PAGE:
Toplady and his mother moved to Ireland, perhaps in pursuit of legal claims to her husband's family estate. Toplady matriculated from Trinity College, Dublin, on 11 July 1755 and proceeded BA in 1760. In August 1756 he heard the itinerant James Morris, a follower of Wesley, preaching on Ephesians 2: 13 in a barn at Codymain in the parish of Ballynaslaney, co. Wexford, an occasion which he later recorded in his diary on 29 February 1768 as ‘that memorable evening of my effectual call by the grace of God’ (A. Toplady, The Posthumous Works of A. M. Toplady, 1780, 275). There is a deep irony in this early link with Wesley, for it would not be long before their lifelong controversy would erupt. In a sermon at St Ann Blackfriars on 25 May 1774 Toplady claimed, ‘It pleased God to deliver me from the Arminian snare before I was quite eighteen’ (Works, 1825, 3.170), mainly, he asserted, by reading the seventeenth-century puritan Thomas Manton on St John's gospel, chapter 17, and then Zanchius of Heidelberg's Confession of the Christian Religion (1562), which he translated and later published in an edited version as The Doctrine of Absolute Predestination Stated and Asserted (1769).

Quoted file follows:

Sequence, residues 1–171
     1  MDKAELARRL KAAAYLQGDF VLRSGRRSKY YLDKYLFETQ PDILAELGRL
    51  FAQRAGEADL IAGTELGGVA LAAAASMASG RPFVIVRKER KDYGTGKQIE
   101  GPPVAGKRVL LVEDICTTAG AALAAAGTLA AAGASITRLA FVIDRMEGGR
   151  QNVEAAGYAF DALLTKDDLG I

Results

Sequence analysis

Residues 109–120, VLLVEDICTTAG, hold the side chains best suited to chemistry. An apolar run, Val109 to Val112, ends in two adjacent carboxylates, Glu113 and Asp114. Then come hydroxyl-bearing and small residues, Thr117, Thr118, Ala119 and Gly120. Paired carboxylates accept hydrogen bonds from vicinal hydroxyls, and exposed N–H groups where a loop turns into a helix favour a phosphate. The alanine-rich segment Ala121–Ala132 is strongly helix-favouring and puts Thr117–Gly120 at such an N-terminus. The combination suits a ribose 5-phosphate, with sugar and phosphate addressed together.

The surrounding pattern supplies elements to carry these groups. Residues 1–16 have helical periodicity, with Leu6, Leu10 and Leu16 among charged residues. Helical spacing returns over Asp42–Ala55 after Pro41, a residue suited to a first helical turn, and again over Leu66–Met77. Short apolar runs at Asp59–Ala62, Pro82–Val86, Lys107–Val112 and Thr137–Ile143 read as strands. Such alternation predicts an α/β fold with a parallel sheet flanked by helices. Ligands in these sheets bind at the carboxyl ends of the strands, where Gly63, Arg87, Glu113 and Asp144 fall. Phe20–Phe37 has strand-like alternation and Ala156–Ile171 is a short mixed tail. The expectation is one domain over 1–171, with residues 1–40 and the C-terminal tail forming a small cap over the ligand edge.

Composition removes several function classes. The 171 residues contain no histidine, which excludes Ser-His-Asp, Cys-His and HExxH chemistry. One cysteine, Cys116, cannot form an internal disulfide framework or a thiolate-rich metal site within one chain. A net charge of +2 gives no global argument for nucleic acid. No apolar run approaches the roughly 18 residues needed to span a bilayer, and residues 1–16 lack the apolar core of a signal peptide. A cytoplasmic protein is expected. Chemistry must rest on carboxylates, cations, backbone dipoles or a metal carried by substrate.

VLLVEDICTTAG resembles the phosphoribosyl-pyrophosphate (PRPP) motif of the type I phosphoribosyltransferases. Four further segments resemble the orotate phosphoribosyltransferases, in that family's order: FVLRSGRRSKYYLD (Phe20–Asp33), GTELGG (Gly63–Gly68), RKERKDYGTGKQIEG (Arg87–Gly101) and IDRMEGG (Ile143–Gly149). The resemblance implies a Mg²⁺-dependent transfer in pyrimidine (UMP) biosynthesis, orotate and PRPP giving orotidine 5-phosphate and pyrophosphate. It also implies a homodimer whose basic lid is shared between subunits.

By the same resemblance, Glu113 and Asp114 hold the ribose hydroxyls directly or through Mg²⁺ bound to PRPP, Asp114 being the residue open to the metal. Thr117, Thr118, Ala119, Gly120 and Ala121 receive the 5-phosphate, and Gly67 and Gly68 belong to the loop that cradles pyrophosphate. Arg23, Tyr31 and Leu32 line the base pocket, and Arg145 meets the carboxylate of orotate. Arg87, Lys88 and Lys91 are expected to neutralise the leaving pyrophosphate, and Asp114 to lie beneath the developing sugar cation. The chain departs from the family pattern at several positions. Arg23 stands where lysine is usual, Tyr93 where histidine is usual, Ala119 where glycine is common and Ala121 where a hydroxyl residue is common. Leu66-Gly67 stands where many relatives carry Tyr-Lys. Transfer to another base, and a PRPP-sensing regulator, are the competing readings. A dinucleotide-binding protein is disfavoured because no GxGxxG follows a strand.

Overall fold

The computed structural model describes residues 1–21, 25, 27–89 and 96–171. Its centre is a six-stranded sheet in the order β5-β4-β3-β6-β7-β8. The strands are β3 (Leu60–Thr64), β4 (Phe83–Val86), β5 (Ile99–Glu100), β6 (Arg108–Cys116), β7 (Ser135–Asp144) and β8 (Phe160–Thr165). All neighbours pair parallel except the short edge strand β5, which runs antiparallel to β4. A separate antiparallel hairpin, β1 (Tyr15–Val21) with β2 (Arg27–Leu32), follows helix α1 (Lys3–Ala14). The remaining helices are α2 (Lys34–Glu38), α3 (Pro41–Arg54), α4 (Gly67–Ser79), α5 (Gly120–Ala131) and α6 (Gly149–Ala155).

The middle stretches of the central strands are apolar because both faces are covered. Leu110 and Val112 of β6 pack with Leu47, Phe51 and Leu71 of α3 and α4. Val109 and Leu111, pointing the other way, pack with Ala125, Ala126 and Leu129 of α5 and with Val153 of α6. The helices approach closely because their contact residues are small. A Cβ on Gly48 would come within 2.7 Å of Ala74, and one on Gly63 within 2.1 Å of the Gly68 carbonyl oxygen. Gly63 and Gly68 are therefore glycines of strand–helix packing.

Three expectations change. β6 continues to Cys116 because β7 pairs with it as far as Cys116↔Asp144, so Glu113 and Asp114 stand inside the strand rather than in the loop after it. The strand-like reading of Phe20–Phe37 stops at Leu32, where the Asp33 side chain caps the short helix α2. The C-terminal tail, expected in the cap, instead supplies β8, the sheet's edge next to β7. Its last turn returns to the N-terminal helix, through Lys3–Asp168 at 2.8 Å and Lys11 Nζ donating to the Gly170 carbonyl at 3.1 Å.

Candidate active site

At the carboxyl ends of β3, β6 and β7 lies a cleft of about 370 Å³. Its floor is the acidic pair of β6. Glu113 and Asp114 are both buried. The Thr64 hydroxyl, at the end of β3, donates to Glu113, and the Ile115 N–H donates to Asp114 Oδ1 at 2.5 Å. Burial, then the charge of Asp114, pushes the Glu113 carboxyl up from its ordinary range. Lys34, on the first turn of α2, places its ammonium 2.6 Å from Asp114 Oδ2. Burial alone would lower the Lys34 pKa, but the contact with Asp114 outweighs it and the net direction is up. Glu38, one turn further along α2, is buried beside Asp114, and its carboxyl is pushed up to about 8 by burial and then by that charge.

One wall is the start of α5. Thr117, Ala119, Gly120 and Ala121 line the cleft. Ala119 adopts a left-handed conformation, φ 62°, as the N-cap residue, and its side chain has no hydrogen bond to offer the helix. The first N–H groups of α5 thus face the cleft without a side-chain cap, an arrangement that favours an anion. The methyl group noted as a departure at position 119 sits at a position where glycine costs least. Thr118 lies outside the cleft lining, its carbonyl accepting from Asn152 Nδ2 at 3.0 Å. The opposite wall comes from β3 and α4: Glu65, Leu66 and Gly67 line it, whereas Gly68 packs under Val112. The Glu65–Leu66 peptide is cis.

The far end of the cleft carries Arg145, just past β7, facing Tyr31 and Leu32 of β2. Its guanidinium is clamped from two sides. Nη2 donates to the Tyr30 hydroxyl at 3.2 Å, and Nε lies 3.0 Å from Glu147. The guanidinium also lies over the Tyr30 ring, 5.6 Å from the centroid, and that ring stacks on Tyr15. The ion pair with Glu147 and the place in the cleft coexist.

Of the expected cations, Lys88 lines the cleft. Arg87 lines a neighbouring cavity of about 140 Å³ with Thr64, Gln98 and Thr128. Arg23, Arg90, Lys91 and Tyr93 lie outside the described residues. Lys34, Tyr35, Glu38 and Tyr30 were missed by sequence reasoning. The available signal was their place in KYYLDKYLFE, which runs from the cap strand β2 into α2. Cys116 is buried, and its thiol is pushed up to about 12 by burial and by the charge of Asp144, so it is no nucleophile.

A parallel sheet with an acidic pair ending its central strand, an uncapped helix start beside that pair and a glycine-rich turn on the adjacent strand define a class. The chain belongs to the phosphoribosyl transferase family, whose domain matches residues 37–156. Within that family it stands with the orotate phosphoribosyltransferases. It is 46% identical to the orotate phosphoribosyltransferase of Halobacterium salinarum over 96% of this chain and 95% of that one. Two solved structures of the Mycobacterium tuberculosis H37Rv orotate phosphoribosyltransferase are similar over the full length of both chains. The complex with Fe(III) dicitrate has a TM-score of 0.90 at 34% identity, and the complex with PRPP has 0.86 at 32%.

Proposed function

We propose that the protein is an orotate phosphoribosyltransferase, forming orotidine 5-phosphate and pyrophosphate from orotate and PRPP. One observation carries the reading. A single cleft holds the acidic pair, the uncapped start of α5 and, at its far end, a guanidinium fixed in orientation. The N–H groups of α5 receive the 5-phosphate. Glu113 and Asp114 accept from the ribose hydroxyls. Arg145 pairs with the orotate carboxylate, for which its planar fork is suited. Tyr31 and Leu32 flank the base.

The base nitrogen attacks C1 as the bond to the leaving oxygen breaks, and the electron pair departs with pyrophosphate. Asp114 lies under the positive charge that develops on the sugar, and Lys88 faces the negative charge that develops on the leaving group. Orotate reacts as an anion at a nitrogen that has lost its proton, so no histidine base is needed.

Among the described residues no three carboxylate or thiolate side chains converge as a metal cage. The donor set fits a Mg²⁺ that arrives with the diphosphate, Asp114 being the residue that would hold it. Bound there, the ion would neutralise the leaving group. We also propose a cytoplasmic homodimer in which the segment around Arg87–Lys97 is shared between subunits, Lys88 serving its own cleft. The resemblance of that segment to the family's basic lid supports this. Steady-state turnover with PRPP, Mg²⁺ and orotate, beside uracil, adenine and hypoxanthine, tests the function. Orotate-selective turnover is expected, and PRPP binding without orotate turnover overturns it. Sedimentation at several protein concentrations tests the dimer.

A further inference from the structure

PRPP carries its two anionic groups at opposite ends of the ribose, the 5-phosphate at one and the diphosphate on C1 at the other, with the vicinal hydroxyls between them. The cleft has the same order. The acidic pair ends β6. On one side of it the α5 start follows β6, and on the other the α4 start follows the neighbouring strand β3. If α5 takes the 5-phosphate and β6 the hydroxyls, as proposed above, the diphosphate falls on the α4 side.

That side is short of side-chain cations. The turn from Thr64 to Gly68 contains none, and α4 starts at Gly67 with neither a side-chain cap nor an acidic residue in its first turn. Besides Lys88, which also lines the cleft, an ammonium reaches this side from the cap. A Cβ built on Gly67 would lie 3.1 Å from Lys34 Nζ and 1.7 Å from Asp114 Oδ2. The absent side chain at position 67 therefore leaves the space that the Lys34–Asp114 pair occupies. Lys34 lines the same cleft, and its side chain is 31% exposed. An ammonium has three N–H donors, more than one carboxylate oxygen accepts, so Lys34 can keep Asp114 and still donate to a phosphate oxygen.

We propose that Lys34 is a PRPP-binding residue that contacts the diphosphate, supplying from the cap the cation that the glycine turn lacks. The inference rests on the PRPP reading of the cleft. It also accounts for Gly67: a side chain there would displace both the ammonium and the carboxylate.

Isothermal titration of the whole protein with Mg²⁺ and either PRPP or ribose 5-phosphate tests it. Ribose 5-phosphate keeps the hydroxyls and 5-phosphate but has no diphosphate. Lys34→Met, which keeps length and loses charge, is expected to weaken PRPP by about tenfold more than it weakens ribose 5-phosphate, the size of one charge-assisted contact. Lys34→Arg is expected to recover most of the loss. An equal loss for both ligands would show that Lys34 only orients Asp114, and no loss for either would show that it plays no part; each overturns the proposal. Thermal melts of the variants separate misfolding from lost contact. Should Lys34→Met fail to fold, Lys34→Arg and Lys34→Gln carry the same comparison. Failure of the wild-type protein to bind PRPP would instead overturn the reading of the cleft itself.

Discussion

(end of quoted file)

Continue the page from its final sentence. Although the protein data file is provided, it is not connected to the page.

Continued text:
After graduation Toplady returned to England with his mother; she took up residence once again in Westminster at New Way, where she remained until her death in 1770. He met and was influenced by various Calvinistic ministers, not only Whitefield but also the Baptist John Gill of Horsleydown in Southwark and William Romaine, who preached at the New Way Chapel. Toplady was ordained deacon by Edward Willes, the bishop of Bath and Wells, on 5 June 1762 to serve the curacy of Blagdon, Somerset, in the Mendip hills; he was priested two years later in June 1764. Near to Blagdon is Burrington Combe, a spectacular ravine, where legend and now a metal plaque have it that Toplady wrote ‘Rock of ages’—a very unlikely story. He preached his last sermon at Blagdon on 29 April 1764, returned briefly to London, and was then licensed as curate of Farleigh Hungerford, some 7 miles from both Bath and Frome, where he remained for just over a year. He was back with London friends in the winter of 1765–6, but in May 1766 he began a two-year incumbency of the Devon villages of Harpford and Venn Ottery. Being troubled by the circumstances under which this living had apparently and without his knowledge been purchased for him, Toplady exchanged it for Broad Hembury, also in Devon, to which he was instituted on 6 April 1768. Despite several absences he remained vicar there for the rest of his life.